By Kit Sandeman, Local Democracy Reporter
Scientists are still racing to learn more about the coronavirus, but one trend of particular concern is its prevalence among people from black and minority ethnic backgrounds (BME).
An expert panel is being established nationally in an attempt to come up with some answers as to why the number of infections and the number of fatalities appears to be worse among BME people.
The exact scale of the issue is difficult to measure, for a number of reasons.
According to NHS data published yesterday (Wednesday, April 29) for the UK, around 17 percent of those who died up to April 21 were BME.
This is higher than the national average, but even this is difficult to measure exactly, with the latest census being taken in 2011.
But although the exact picture is not yet clear, Nottingham City Council has put in place measures to help protect BME people in the city.
A lot of this has focussed around communication, and in a city as diverse as Nottingham this has brought challenges.
Educational material about Covid-19, and updates on the latest Government guidelines have been translated into dozens of languages, while an increased use of infographics has also been deployed to help get the message out.
Councillor Rebecca Langton is the city council’s head of communities, and represents the Bilborough ward for Labour.
She said: “This is something that concerns me, and it concerns all of us, and I don’t have any of the answers as to why it appears to be the case that our BAME communities are worse impacted and disproportionately represented in the death figures. But it is concerning.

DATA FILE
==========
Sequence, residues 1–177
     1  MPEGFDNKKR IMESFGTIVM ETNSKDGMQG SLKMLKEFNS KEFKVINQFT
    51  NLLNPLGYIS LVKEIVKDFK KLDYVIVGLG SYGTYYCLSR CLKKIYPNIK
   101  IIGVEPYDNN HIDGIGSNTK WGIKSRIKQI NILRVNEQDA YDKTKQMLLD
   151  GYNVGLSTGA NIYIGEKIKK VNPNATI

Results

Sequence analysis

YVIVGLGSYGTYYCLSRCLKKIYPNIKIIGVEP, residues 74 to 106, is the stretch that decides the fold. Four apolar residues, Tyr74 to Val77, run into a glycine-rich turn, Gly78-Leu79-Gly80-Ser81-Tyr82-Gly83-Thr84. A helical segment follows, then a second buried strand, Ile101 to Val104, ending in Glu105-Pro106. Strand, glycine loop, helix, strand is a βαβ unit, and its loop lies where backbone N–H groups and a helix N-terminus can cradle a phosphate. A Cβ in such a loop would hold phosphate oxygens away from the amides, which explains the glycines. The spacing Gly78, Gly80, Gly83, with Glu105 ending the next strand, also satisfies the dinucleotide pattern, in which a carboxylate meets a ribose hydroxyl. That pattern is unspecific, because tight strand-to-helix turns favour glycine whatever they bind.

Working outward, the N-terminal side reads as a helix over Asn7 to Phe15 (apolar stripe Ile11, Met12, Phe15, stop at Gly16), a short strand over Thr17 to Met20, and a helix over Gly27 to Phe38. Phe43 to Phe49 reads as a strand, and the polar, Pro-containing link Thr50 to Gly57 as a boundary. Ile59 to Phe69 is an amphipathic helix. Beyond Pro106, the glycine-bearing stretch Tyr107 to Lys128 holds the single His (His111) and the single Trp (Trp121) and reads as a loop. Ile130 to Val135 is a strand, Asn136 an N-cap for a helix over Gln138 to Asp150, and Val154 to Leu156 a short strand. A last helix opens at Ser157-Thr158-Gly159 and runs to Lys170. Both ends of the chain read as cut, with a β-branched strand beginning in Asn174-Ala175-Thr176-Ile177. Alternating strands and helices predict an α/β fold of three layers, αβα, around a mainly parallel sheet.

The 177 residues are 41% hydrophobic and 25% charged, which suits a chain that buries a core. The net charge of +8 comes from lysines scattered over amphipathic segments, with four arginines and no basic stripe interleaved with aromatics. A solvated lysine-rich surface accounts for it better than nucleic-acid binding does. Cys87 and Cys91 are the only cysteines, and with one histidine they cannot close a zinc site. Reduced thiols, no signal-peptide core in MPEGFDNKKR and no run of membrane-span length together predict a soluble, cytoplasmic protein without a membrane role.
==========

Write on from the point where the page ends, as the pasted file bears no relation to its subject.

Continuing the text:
“As a diverse city as we are in Nottingham, that therefore means that we’re seeing the national statistics reflected locally in terms of that disproportionate impact.
“We always try to work in a way that reflects our city, so that means we have well established good community links and networks, and we try to make sure our communications are accessible in normal times, but we’ve been doing that more than ever
“So we’re doing things like making sure we’ve got a comprehensive set of translated documents and videos in a range of different community languages, we’ve made them available in a pictorial way as well because we realise not everybody will be able to read and write in English or any other language.”
Pre-existing community groups have also been engaged, to help translate posters about how to get help into languages including Vietnamese, Albanian, and Kurdish.
Councillor Langton said: “We’ve been working through our well-established community networks, with community leaders and community radio stations to share key messages, and linking to our faith networks as well.
“We’ve also been mapping offers of help as well, and one of the things I’ve been really keen to do through this mobilisation of civil society is to say ‘this is not about the council responding alone, it’s about recognising that we have a really strong and vibrant network of communities that already exist.
“So working with our existing voluntary sector organisations and community groups to make sure the information in different languages is out there and accessible.
“We’ve already had about 200 offers of help and that includes people who speak lots of different languages who can help with befriending and things like that.
“So we’ve just been trying to make sure our communication reflects the diversity of our city because it’s more important than ever in these circumstances.”
Translations of what help is available are available here